You will need
- Paper cups
- Access to water
- Natural materials (for example, leaves, moss, twigs, feathers)
- Container to hold water such as a bucket
Before you begin
Make sure you’ve risk assessed your meeting, and also have a COVID-19 safe risk assessment that’s been agreed by your line manager. You can check out more detailed guidance here.
Use the Safety checklist to help you plan and risk assess your activity. Additional coronavirus-related controls to think about may include:
- Make sure that everyone knows the plan for dropping young people off (and picking them up again).
- Set up a hand washing station that you can use throughout the session.
- Think about how you’ll control interaction with people outside of your group.
Find your filters
- The person leading the activity should set some boundaries and limits so everyone knows where they can go during the activity.
- Everyone should spend up to 10 minutes searching for natural materials to use in their water filter. They should experiment and choose anything they think will help filter out dirt from the water, but they shouldn’t take anything from living plants.
- While they’re searching, the person leading the activity should fill a container with water. They should add a small amount of dirt and debris to the water to create some dirty water and set it aside.
- Once everyone’s finished collecting their materials they should take two paper cups and a pen, pencil, or stick.
- Everyone should poke a hole in the bottom of one of their cups using a pen, pencil, or stick.
- Everyone should layer the natural materials they collected (such as small stones, moss, and leaves) in the cup with the hole in to create a filter. They should experiment with different amounts of each material and their positions in the cup.
- Meanwhile, the person leading the activity should transfer the dirty water they made in step three into enough cups for everyone to have one each. They should leave a cup of dirty water two metres away from each person.
- Once the person leading the activity has moved away, everyone should take the cup of dirty water. They should hold the water filter cup above the other cup, and slowly pour the dirty water into the filter cup. A good filter should remove all the visible dirt and debris, but no one should drink the filtered water.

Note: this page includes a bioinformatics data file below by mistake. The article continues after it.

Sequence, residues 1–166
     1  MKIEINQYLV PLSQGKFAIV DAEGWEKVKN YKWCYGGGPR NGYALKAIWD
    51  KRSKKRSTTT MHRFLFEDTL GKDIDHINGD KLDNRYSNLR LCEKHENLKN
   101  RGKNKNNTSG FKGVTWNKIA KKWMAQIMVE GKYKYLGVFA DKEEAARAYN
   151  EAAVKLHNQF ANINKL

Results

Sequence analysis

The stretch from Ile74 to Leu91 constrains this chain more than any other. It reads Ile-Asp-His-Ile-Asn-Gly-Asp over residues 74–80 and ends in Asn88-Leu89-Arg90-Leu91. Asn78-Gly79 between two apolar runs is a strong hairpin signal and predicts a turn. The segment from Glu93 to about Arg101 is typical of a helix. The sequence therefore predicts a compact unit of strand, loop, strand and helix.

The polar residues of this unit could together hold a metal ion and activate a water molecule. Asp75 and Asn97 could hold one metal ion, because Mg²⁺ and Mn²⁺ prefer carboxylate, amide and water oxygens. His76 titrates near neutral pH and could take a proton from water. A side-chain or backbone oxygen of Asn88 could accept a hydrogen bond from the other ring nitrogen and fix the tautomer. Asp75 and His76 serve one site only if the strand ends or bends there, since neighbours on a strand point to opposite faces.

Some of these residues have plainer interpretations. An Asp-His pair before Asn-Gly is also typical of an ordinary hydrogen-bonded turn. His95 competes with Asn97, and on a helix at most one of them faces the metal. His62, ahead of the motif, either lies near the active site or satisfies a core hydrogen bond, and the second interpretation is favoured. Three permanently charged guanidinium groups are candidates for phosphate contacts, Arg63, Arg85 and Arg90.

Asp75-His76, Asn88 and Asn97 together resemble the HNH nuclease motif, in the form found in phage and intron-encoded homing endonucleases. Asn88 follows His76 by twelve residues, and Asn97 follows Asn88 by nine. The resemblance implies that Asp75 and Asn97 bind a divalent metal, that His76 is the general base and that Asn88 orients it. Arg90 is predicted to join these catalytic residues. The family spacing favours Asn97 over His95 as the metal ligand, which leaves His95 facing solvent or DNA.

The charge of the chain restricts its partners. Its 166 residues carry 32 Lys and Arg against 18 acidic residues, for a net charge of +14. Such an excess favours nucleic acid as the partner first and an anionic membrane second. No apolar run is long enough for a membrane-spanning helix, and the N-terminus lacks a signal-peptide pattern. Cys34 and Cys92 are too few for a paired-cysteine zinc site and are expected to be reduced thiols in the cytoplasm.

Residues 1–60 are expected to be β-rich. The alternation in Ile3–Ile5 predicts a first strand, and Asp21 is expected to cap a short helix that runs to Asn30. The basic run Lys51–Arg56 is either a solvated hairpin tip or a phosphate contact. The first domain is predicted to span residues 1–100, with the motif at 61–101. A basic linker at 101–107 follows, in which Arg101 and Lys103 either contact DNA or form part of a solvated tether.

- Everyone should pour the water through a few times to see if they can remove even more dirt. They should try to perfect their filter each time, until it works as well as possible. It’s still not safe to drink the filtered water.
- As people are filtering their water, the person leading the activity should remind them that it’s not just the dirt that you can see in the water that might be bad for you: bugs, bacteria and viruses can all hide in water and make people very unwell.
- To make the water safe to try, someone should heat the water to a rolling boil, then boil it for at least five minutes.
This activity was all about valuing the outdoors and trying new things. Do people usually filter their water before they drink it? Some people may have a water filter at home to make their water taste nicer, but in the UK people usually have water that’s safe to drink in their homes. Did people’s filters work better than they expected? What outdoor materials were the most effective?
This was a fun experiment, but nearly one billion people around the world don’t have access to clean water. How do people think it affects their lives? People could think about using dirty water for drinking, cleaning, and washing their hands. How could people help? They could check out Scouts for Sustainable Development Goals for inspiration and ideas.
- Outdoor activities
You must have permission to use the location. Always check the weather forecast and inform parents and carers of any change in venue.
Make it accessible
All Scout activities should be inclusive and accessible.